Health & Education

Making Strides In Education


Though there is room for improvement, Nigeria’s education system, infrastructure, and outcomes have been improving, and there are signs of real change. A rise in private education systems and institutions […]

Though there is room for improvement, Nigeria’s education system, infrastructure, and outcomes have been improving, and there are signs of real change. A rise in private education systems and institutions has spurred growth, and the government is turning more and more toward privatized education.

Between 2000 and 2015, Nigeria’s population grew by 48%, surging from roughly 123 million to 182 million, and between 2015-2030 the population is forecast to grow by 44%, totaling more than 263 million in the next 15 years. While the rate of growth is forecast to decline somewhat, the rate is still so robust that sizable pressure is expected to placed on education infrastructure. With an adult literacy rate of 51.1%, Nigeria is making gains. Geographic disparities persist, however, and students residing in the north of the country are far less likely to receive an education. According to BTI, the enrollment rate for school-aged children is around 30% in the north and 70% in the south, putting the national rate at just over 50%. Wealth also plays a major role in educational divergences, and the most affluent quintile of Nigeria’s population have nearly eight more years of education than the least affluent. Poor rural women are often some of the most educationally disadvantaged, and in Nigeria less than 10% are literate. On average, the country’s wealthiest youth receive 12.2 years of education while the country’s poorest youth received only 1.7 years. Another hurdle in the spread of education is the lack of materials. In a 2015 survey of educational materials in the country, only nine of Nigeria’s more than 520 languages were found to be represented in student reading resources.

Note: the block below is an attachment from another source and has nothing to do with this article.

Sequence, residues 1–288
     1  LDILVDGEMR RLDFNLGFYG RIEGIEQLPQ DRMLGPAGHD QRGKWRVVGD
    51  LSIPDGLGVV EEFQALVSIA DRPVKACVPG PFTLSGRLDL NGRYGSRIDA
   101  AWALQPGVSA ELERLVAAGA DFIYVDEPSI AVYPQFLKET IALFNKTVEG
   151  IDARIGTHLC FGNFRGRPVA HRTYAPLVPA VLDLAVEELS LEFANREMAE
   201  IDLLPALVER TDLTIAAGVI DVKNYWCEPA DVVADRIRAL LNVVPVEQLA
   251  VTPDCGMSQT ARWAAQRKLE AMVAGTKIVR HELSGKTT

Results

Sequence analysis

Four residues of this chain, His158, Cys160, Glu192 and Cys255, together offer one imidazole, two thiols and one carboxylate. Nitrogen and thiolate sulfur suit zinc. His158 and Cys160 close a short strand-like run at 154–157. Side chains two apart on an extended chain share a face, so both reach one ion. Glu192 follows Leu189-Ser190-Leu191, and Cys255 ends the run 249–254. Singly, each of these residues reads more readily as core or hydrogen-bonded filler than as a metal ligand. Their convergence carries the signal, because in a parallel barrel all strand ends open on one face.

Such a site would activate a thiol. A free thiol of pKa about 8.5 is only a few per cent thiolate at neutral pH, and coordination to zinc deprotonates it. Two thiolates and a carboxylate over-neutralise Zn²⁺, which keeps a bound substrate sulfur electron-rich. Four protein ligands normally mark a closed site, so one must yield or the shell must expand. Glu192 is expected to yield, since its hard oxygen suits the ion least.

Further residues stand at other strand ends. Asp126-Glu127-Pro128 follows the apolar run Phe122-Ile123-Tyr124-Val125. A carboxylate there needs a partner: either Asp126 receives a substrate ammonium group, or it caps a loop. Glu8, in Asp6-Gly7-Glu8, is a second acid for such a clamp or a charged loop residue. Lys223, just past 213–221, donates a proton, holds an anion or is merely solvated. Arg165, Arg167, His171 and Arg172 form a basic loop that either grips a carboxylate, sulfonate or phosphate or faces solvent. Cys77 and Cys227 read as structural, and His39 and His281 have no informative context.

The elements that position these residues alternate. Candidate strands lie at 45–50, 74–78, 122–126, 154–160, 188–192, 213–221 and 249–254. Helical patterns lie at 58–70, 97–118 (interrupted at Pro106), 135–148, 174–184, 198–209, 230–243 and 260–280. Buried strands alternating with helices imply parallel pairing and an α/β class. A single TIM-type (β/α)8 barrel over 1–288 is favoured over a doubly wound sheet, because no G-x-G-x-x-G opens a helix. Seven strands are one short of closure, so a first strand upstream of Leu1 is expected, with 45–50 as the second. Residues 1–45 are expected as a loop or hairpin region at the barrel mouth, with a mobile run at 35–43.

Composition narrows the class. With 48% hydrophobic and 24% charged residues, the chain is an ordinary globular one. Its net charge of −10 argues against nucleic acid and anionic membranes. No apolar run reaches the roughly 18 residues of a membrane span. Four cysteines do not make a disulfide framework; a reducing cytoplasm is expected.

A relatively large portion of the federal budget is reserved for education, and in 2014 the country directed nearly 10% of all federal expenditures, roughly USD3billion, to education. In 2016 the rate dipped slightly to 7%.

Though there have been difficulties in collecting sound statistics for assessment purposes, grassroots efforts and newly announced government initiatives are trying to change that. Let’s Engage, Assess, and Report Nigeria (LEARNigeria) is a grass roots program aimed at creating a standard for assessment across the country. Set to be launched across six states in 2017, the program is being coordinated by the Education Partnership Center, and more than 30 institutions have already agreed to participate. Organizers and participants are hoping that their efforts will help more clearly define Nigeria’s learning outcomes while simultaneously spurring greater investment and commitment to education from the government, private enterprise, and communities across the states.

Not surprisingly, increases in education can have dramatic effects on other social and demographic trends. According to UNESCO, the completion of four additional years in school reduced birth rates by one birth per young girl in Nigeria, and the country’s universal primary education policy is given the majority of the credit for cutting early fertility rates by 0.26 births per year for every additional year of attainment, according to the latest Global Education Monitoring Report. With far-ranging socio-economic benefits, declining fertility rates are generally considered to be an avenue for promoting greater resource allocation toward children’s health and education.

Unfortunately, political instability in certain regions of Nigeria has had detrimental effects on educational attainment. According to the UN, between 2009 and 2015 violence in the country’s north destroyed 910 schools and prompted the closure of at least 1,500, and more than 950,000 children were forced to evacuate unstable areas. Teachers and educators have also been targeted by terrorist groups, and education in these areas remains limited.